AT&T (NYSE: T) has been working with the MEF to drive consensus on how service providers should interconnect their Ethernet networks, but the initial challenge is understanding what element of Ethernet each carrier partner has.
In 2015, the MEF addressed that issue with the "Ethernet Interconnect Point E-NNI Implementation Agreement – MEF 54." With this new IA in place, service providers will have guidelines to create these new interconnections either all at once or in a series of steps.
Dan Blemings, director of Ethernet product management for AT&T mobile and business solutions, told FierceTelecom in an interview at the telco's Dallas headquarters that in developing the MEF 54 standard, the organization and other providers realized they have to work with a diversity of approaches.
"One of the lessons learned in MEF 54 is this concept of the bilingual operator," Blemings said. "If you wanted to connect with an Ethernet service provider on your boundary, you needed to know their flavor of Ethernet: was it an old style NNI or an MEF-compliant E-NNI."
AT&T itself borders hundreds of Ethernet providers, including a mix of cable operators, CLECs and other ILECs. The service provider said it is seeing other providers adopt the MEF 54 standard and are preparing their networks to better address the interconnection issue.
"We're seeing the industry really start to grow on its learning curve of taking the right steps they need to take, asking the right questions of who's on their border, and start to have discussions with their vendors on is their equipment ready," Blemings said. "We're starting to see that unfold, which is very rewarding as an AT&T employee and from a MEF perspective the project accomplished what it set out to do."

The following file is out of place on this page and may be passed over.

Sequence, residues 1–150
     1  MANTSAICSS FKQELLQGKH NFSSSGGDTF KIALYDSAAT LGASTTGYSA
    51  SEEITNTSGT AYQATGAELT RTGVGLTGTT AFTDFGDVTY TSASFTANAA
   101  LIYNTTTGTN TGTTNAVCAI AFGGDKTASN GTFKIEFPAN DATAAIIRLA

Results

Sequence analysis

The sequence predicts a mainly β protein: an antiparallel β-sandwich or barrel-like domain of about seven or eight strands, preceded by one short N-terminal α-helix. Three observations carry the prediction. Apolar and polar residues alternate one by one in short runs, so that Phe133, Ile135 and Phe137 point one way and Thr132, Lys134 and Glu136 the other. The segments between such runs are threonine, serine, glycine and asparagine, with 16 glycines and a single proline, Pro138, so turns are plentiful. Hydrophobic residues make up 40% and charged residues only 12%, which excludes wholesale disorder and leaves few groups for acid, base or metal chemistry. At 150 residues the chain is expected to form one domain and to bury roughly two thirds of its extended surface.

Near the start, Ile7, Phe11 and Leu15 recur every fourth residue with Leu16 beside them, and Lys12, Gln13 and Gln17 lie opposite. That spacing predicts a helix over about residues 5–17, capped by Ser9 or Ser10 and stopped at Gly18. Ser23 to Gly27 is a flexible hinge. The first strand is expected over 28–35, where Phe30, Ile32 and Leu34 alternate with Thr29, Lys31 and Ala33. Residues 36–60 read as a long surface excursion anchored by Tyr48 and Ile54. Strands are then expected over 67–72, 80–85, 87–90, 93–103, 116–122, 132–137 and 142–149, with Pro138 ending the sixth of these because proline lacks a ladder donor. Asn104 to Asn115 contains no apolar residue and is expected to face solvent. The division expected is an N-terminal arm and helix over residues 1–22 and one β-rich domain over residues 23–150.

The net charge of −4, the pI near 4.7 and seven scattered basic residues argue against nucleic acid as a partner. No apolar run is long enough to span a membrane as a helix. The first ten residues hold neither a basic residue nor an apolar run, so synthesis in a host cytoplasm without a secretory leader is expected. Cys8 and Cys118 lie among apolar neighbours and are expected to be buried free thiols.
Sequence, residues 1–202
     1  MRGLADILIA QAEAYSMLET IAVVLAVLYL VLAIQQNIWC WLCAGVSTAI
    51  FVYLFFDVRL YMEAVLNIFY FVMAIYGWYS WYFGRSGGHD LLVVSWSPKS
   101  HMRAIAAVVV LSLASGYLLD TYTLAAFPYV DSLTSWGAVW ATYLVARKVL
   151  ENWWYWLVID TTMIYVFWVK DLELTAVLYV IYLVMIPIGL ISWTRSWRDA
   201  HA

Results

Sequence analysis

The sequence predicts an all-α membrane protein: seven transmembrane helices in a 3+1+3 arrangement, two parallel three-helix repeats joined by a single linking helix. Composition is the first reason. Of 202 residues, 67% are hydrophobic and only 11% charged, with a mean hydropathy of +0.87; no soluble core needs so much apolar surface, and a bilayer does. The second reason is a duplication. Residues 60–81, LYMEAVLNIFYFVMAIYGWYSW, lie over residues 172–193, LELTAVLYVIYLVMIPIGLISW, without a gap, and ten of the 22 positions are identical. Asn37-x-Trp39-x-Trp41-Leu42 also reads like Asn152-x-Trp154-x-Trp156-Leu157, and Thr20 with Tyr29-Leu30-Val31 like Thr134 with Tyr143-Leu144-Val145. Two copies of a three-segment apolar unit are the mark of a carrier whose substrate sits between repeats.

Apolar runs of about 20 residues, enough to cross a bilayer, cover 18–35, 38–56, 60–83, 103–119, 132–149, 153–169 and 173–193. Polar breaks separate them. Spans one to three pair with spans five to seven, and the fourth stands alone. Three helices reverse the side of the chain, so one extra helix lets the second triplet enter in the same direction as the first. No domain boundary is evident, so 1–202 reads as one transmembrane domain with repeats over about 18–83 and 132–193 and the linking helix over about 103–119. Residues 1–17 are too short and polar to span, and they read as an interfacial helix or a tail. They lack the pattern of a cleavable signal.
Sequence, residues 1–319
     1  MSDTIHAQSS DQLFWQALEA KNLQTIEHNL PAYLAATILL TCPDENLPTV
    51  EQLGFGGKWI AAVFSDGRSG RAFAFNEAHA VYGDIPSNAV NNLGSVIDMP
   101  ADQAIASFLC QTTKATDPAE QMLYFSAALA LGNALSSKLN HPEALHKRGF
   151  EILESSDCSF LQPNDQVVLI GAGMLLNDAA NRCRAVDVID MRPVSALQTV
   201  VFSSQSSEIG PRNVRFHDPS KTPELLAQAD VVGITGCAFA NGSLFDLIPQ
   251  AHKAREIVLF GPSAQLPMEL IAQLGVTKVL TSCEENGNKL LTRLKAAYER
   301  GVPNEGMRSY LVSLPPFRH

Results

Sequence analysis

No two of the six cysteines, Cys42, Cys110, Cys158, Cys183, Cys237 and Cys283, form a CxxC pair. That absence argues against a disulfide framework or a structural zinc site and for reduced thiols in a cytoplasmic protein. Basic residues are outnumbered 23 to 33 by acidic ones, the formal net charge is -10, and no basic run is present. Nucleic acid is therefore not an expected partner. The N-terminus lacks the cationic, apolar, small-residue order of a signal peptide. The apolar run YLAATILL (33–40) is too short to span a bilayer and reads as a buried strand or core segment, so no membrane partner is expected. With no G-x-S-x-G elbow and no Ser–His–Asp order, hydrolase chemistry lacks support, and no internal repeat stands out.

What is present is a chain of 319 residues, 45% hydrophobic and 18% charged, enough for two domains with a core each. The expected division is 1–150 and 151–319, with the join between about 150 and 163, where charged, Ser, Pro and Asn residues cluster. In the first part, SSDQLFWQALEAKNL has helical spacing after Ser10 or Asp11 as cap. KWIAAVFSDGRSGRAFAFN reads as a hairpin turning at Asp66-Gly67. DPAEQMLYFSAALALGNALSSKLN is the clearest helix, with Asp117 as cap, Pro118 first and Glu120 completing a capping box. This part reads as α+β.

Even as the MEF helps service providers in the broader Ethernet services community migrate to a more organized Ethernet interconnection regime, there are still a number of challenges.
"You can look at it through several angles," Blemings said. "One angle is, MEF has standards in place that help carriers make the transition and the other angle is 'how do I understand how to implement those standards and MEF 54 helps kick start that process.'"
Blemings said that the next step for Ethernet is to mirror how service providers created interconnection mechanisms for TDM-based networks.
"Just like the world grew up in this TDM environment and that commonality enabled this internet growth that we have seen over the years," Blemings said. "Now we have to replicate that same sort of rapid expansion with Ethernet where we need to have everyone talk about Ethernet in the same manner and enable the next massive growth curve of bandwidth."
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